• SalamanderMA
    21 year ago

    There is a controversial theory of smell that I find fascinating. The hypothesis was put forward by Luca Turin (video), and the idea is that the several of the receptors involved in the perception of smell are not the typical ‘lock-and-key’ receptors that can sense the shape of molecules, but instead work via a mechanism that is able to sense specific molecular vibrations. This might be achieved via an electron transfer reaction in which the electron transfer can only happen if a molecule that contains a vibration with the right frequency is present in the binding pocket.

    One reason why this hypothesis is compelling is because we it seems like we are able to recognize molecules with specific atoms and functional groups. One dramatic example I know of is sulfur compounds. We can easily sense a ‘sulfur’ smell, even if the sulfur-containing molecules are very different.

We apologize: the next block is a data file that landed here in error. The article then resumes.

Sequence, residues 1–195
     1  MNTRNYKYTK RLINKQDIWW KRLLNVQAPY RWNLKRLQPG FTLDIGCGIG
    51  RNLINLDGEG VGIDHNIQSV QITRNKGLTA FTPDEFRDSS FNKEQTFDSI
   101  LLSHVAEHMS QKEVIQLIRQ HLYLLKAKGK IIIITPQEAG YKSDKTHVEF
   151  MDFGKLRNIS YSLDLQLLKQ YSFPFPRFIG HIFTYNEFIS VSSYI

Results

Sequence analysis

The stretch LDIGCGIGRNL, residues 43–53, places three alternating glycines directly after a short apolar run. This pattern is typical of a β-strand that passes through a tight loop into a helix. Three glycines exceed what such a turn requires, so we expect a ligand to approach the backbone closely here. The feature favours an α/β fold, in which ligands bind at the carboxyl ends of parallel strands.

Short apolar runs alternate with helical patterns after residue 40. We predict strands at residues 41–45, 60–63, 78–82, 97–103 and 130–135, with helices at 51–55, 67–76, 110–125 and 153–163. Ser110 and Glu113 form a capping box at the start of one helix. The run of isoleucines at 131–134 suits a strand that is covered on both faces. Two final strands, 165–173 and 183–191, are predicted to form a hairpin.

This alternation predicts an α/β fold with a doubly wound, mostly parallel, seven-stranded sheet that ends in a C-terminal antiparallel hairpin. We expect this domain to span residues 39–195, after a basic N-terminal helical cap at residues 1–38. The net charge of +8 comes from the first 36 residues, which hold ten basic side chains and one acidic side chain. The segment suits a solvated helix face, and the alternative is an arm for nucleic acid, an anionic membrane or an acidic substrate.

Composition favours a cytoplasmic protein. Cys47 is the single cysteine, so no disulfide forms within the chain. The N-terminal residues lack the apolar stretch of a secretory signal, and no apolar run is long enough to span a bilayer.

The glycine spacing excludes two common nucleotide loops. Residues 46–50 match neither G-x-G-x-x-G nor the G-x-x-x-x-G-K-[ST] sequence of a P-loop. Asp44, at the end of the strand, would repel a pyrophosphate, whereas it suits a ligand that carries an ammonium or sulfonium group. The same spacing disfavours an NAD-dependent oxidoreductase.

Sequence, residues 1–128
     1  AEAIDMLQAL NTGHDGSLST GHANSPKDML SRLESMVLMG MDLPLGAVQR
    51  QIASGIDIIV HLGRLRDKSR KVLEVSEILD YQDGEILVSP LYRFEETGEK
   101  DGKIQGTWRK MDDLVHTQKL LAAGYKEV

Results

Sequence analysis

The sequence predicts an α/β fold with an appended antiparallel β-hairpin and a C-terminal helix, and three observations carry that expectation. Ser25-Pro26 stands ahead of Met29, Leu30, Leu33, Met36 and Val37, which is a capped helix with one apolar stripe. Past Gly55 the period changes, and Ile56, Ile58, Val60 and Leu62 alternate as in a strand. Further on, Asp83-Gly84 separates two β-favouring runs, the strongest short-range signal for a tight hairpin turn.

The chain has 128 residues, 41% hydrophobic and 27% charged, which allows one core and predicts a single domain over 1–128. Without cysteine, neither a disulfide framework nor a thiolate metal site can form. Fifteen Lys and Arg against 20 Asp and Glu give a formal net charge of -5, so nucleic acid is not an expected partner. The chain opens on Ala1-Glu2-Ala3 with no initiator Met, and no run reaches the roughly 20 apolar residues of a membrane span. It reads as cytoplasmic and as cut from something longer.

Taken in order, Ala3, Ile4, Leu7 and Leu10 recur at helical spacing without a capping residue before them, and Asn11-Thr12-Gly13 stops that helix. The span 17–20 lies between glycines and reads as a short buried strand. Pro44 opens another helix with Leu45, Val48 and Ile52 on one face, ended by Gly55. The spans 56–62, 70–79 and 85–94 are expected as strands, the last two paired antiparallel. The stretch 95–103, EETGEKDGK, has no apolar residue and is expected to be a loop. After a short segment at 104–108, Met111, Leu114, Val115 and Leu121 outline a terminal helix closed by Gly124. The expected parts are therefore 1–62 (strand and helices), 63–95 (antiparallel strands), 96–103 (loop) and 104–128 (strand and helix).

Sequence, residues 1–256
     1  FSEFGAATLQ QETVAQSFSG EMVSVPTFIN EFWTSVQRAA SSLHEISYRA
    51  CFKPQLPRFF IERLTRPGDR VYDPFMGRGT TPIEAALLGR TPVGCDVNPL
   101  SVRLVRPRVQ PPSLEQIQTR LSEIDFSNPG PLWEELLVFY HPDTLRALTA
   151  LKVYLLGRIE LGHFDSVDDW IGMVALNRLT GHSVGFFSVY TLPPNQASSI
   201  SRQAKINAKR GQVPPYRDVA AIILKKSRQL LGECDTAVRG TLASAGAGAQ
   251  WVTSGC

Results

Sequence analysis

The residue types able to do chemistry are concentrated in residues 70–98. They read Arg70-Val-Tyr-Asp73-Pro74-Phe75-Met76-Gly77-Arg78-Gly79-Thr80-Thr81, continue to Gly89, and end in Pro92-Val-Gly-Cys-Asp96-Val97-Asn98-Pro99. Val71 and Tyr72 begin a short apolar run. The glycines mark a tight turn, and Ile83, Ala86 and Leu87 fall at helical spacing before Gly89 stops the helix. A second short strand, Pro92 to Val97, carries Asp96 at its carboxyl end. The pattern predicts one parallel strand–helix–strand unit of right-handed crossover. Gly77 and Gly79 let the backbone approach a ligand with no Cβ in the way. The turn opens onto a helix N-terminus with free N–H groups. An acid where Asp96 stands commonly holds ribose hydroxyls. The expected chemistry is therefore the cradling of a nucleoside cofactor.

For example, compare ethanol to ethanethiol: their shapes are quite similar, but the ethanethiol has a strong sulfur smell. Simple alcohols in general have an ‘alcoholic’ smell, and thiols have a ‘sulfur’ smell.

    When I saw this paper originally I became very excited because I thought that this would finally lay this hypothesis to rest (or confirm it), but it turns out that the receptor that was studied is a specific receptor of a particular class and does not contain the class of receptors that can sense alcohols and thiols… So the vibration theory of odor still stands!

    I hope that an odor receptor sensitive to sulfur-containing compounds is solved soon! I am very curious.